Although a chandelier dripping in crystals may throw twinkling light around a reception or lift a lofty marquee ceiling from bare-bones to beautiful, what if such a glamorous piece won’t suit your scheme or just isn’t your style? Take your cue from A Midsummer Night’s Dream and try using ethereal flowers instead.
“Floral ceiling rings are great for creating a focal point and conversation-starter among your guests,” says Lindsey Hunter of Get Knotted. “They can also be used in marquees to lower the ceiling and give it some colour.”
13. Enlist the help of calligrapher
After a lengthy process of proofreading and designing your stationery, one potentially crucial detail is nearly always overlooked – who will write your envelopes? If the answer is you and your clumsy penmanship, you might want to think twice. Caitlin McKenna of The Brahmin Lettering Co. puts it delicately: “What if your handwriting looks more like chicken scratch?” she laughs.
“Working with a calligrapher to address envelopes is a simple way to add a touch of elegance to your invitations. It’s all about the handcrafted details that make a big impact.”
14. Modernise your Moet
What’s a wedding without a toast? You may be relishing picking your vintage, but believe it or not, there is a way to transform the bubbly into something even better and more considered.
“Make the traditional glass of fizz interesting by using champagne boats with a sprig of lavender and a frozen blueberry,” suggests Kelly Naylor of Bespoke Catering & Events. Why? The scent of lavender will relax guests (and any member of the wedding party nervous about making their speech) and the blueberry will weigh down the sprig and enhance the deeper tones of the lavender flowers.
15. Revamp a plain venue with funky furniture
If your wedding is to be hosted in a start-from-scratch kind of setting, furniture hire will be on your hit list. With full control over seating and lighting, you can explore more outlandish, party-ready options. Hay bales to lounge on after the meal? No problem.
Get Knotted’s Lindsey Hunter has some other ideas: “Inflatable sofas are fun and perfect for creating a chill-out area for your guests to get their breath back,” she suggests. “And funky LED light cubes are not only great for a different lighting effect but also serve as additional seating.”
16. Add some DIY elements
Combat our penchant for throwaway pieces with Dylon and craft blogger Kate Hansford of Daphne Rosa who have drafted a guide to making your own hand-dyed keepsake fabric roses. “Lay white cotton fabric on bubblewrap and spray water all over,” says Kate. “Sprinkle the dye on top, playing around with an even spread, mixing all colours and leaving some of the fabric white. Then rinse and hang to dry. Once dry, gather up into a rose shape and sew in place. Glue in a wooden skewer for the stem and display in a vase.”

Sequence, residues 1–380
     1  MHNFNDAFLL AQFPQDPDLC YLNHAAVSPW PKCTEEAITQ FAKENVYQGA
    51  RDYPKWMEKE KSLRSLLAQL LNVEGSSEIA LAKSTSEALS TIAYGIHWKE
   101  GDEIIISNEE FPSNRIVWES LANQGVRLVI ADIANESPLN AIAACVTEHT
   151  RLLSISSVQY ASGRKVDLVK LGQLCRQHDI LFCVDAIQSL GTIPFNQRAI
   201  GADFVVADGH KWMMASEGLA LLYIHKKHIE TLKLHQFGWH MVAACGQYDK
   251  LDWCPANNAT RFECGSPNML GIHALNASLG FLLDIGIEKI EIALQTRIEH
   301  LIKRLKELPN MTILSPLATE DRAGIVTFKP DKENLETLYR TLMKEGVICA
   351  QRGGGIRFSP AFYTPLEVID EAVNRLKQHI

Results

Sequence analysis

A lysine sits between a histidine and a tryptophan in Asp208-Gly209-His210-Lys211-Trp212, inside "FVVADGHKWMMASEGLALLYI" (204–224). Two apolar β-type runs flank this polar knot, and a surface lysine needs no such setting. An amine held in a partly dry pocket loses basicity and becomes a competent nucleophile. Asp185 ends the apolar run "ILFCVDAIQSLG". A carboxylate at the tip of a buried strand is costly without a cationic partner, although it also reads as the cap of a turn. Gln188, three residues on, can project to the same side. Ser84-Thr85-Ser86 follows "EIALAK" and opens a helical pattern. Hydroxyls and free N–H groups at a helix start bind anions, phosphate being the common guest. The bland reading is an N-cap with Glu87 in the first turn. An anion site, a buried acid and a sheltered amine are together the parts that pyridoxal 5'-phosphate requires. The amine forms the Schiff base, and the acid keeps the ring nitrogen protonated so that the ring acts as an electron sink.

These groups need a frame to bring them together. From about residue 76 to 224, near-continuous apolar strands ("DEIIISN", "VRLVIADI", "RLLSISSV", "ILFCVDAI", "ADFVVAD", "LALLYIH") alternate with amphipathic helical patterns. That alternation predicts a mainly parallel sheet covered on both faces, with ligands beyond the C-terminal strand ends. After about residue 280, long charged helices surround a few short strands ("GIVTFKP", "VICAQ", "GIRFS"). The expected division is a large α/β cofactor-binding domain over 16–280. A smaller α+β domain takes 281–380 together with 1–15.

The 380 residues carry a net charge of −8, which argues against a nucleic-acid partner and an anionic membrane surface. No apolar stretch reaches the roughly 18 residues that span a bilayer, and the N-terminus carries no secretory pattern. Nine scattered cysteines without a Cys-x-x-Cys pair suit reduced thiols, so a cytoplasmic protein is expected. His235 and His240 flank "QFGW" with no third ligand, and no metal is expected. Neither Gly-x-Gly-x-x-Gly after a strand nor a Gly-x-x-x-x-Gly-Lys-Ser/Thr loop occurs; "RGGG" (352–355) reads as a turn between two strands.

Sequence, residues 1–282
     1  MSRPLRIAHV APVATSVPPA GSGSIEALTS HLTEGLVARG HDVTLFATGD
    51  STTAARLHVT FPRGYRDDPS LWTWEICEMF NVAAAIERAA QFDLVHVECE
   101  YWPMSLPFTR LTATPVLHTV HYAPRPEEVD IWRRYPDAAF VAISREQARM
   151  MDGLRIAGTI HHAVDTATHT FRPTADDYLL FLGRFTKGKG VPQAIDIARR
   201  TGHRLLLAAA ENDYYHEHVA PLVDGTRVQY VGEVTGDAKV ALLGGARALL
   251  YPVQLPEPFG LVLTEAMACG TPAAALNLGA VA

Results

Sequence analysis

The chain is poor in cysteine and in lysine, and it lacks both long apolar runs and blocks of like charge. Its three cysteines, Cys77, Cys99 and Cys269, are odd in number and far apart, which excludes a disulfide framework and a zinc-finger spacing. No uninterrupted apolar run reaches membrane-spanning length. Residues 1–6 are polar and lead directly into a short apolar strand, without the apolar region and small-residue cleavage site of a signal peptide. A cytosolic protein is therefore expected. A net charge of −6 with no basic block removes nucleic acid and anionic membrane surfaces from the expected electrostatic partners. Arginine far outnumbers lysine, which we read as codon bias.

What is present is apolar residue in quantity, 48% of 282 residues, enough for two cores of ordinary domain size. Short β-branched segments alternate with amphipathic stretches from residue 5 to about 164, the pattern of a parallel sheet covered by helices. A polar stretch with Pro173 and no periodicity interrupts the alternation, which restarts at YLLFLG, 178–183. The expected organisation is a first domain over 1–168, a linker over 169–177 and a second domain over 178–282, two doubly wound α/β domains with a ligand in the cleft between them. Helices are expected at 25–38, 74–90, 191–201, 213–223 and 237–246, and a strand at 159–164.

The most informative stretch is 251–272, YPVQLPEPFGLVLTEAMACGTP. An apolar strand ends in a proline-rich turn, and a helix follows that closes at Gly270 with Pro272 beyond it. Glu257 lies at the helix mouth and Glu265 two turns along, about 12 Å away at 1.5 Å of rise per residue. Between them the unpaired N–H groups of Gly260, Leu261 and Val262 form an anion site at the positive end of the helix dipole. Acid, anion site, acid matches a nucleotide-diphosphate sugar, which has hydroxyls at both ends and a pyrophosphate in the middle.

17. Forget about formal dining
Laid-back, sociable eating is on the rise. “Take a relaxed approach,” suggests Harley Lothian of Saltire Hospitality. “Weddings are moving away from the traditional three-course sit-down wedding breakfast into something more informal and interactive for guests.
Family-style service, where large sharing dishes are served to tables, is becoming ever more popular.” Hog roasts and barbecues are great, but you could also consider other types of cuisine that lend themselves well to this type of dining – Japanese sushi or an Italian antipasti could work just as well.
18. Invite an illustrator
It’s not often we encourage you to judge a book by its cover, but where reception décor is concerned, appearance is everything. Use it as an opportunity to get personal, urges illustrator and Glasgow School of Art graduate Laura Henderson: “Rather than going the traditional route, lots of couples are looking for customised designs, just for them,” she says. “These can include illustrations of the venue, of themselves or even sometimes of their pets!” Where should you unleash your creativity? “Table plans and names don’t just need to be numbers and lists any more,” she adds. “They can really say something about the couple. I’ve done table names with illustrations of anything from places the couple have travelled to (and table plan maps to match, or even table plan bunting) to their favourite childhood books.” How sweet is this Wind in the Willows tribute?
18. Add quirky decor touches
The venue is yours for the night – so use every nook and cranny, from floor to ceiling, to carry on the celebrations. “Making your wedding truly your own doesn’t stop at the invitations,” says Caitlin McKenna of The Brahmin Lettering Co. “Create a bespoke drinks menu on a vintage mirror, with your details written out on chalkboard marker. Or create a dramatic backdrop for your ceremony using a long roll of paper, painted with your favourite love poem.”
20. Serve up some sea-dwelling delights
Self-confessed foodie? Have you met The Oysterman? “We organise for fresh Scottish oysters to be delivered to weddings,” explains the company’s Laura McKinlay.
“Once there, usually during the champagne reception, an Oysterman will mingle and offer guests freshly shucked oysters. The oyster is opened in front of them, checked for quality and offered with a choice of five different seasonings: freshly squeezed lemon juice, tabasco, raspberry gin, Japanese ponzu sauce or a grind of white pepper.” Yum!